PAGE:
When it was Iris' turn to play, she refused to touch the toy. I brought her tuggy-fox to class, which is usually a favorite at home but I've never gotten her to tug in class before. Actually, I think the only toy she's ever played with in class is her screaming monkey (thank you Julie!) Screaming monkey is really her favorite, but I was worried about monkey being too much noise for the other dogs in CU class. Off-switch is something we'll have to practice at home.

Most people used a toy for tug, but the Golden's owner did some gentle wresting with him. They were actually really interesting to watch. The Golden wasn't mouthy at all and he was clearing having a blast. We talked about different ways of playing with our dogs. Emma asked us to think about different ways to play with our dogs, whether we really needed a toy or not, and could we use a toy or game to distract our dogs from a situation if we needed to. She mentioned that being able to play with your dog without a toy can be a really good and useful way of engaging (and distracting) your dog if you need to.

Emma set up two ring gates with a gap in the middle to make a "doorway." Emma had us take a step forward and then wait quietly for the dog to reorient ("reorient" depended on the dog. For some dogs, it was looking up and making eye contact. If a dog was really distracted, it could be just turning an ear toward the handler). We'd c/t for reorienting and after the dog reoriented a couple of times, take a step forward and repeat the process.

Emma wanted us to make sure we didn't have anything in our hands and our hands were down by our sides. She didn't want us luring the dog's attention (so the dog isn't thinking "I'm only supposed to pay attention to mom when she has food!" It should be that you're acting not very exciting and then treats appear for reorienting!)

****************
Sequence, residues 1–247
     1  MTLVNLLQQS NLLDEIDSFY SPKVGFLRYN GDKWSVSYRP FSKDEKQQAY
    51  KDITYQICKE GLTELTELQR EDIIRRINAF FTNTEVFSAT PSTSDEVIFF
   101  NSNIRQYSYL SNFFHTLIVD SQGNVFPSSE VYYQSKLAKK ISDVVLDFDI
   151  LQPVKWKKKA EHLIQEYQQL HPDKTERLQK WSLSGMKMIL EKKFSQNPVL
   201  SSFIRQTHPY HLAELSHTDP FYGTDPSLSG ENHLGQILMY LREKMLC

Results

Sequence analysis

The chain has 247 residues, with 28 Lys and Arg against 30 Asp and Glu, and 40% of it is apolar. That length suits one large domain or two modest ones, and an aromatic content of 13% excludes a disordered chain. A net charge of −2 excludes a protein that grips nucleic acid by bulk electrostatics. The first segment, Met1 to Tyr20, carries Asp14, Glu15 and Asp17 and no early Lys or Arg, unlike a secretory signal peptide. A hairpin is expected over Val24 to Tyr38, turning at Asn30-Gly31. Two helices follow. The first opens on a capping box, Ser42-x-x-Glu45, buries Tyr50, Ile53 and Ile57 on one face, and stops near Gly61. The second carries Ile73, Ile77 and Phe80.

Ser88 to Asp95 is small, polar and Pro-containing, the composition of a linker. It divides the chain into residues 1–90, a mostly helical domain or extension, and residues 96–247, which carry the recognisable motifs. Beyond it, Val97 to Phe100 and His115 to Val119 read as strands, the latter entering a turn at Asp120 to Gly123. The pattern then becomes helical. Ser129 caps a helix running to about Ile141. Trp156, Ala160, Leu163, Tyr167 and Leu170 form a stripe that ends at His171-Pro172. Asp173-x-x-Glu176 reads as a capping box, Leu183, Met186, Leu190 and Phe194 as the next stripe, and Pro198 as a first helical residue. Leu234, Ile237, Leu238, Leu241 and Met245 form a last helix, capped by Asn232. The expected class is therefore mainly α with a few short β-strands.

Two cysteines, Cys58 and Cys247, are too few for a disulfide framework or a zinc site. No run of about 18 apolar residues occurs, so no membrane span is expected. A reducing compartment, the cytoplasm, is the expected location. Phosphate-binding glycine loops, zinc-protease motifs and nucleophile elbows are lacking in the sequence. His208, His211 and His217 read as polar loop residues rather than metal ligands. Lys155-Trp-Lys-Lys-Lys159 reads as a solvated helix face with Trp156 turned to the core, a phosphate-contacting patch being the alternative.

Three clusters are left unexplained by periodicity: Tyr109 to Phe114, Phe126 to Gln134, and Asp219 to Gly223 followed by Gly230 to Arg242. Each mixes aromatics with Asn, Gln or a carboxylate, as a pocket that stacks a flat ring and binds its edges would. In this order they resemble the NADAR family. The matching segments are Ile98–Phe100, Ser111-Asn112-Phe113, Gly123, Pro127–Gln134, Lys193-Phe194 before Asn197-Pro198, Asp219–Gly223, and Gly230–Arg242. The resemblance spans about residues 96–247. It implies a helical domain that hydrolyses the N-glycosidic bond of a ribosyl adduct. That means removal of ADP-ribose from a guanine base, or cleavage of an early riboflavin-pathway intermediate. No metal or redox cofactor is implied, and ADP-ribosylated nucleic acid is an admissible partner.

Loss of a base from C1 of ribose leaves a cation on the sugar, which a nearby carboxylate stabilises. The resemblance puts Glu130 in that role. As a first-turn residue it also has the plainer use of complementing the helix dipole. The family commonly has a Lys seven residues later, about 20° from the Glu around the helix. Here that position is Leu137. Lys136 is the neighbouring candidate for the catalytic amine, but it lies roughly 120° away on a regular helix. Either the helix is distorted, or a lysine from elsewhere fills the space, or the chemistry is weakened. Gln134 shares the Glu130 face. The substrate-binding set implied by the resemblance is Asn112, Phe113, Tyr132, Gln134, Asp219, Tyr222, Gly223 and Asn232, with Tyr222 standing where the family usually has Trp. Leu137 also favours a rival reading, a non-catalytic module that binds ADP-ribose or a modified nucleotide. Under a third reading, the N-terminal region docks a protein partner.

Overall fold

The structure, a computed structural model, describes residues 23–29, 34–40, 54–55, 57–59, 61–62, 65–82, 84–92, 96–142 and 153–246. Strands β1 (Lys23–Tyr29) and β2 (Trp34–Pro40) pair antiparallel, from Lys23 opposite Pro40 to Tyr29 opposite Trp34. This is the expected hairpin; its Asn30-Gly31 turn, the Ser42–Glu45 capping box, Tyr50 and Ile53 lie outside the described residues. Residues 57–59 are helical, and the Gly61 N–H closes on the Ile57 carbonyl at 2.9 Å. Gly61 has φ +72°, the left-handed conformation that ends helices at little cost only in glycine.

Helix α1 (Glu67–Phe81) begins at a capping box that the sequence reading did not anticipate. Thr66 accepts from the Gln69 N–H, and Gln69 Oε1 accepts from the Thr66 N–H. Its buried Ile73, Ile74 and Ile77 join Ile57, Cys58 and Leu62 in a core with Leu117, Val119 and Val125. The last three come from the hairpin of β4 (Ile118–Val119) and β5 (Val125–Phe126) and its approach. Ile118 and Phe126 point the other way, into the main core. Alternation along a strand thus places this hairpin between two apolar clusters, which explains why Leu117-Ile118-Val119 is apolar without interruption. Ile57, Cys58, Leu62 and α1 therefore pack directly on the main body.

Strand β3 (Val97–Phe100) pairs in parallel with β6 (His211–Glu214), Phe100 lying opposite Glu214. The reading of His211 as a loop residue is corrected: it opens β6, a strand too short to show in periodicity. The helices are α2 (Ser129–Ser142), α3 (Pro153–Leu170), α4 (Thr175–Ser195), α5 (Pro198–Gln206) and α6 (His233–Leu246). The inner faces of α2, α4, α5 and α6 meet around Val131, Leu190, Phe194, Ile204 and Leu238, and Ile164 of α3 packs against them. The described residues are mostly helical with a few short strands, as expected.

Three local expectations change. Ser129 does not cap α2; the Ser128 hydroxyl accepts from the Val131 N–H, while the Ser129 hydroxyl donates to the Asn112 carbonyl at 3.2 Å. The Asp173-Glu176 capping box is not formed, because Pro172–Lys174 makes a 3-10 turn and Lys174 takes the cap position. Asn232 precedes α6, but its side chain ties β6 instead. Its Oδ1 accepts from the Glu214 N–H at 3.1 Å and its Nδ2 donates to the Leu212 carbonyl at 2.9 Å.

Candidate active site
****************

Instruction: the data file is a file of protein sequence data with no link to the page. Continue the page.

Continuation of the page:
Iris had a lot of trouble with this. The ring gates were in the center of the room and Iris started to stress as soon as I wasn't actively engaging her. She kept giving the deep little woofs at the other dogs. Not exploding but definitely treading right on her threshold line. She did manage to reorient to me a couple of times.

Mat Races (more Parallel Games)
The last thing we did was mat races, which is basically another form of the parallel game from the beginning of class. The same as before, we did this two dogs at a time. This time we had the dogs' mats at one end of the room and had to run to the mat from the other side of the room. When we got to the mats, the dogs had to down on the mat. Iris did really well with this. I didn't get her running, we just did a really fast walk. The other dog was running and Iris did manage to keep her attention mostly on me. I think by this point in the class she was starting to get a little brain-fried, so I didn't want to push it too hard.

Overall, it was a really good class. Iris was a little more tense than she was last week, but there was also a lot more moving around this week.

1 comment:

Jules said...

I really like the reorienting exercise. So helpful for entering and exiting new locations.

It sounds like you and Iris are really getting an opportunity to work some difficult situations!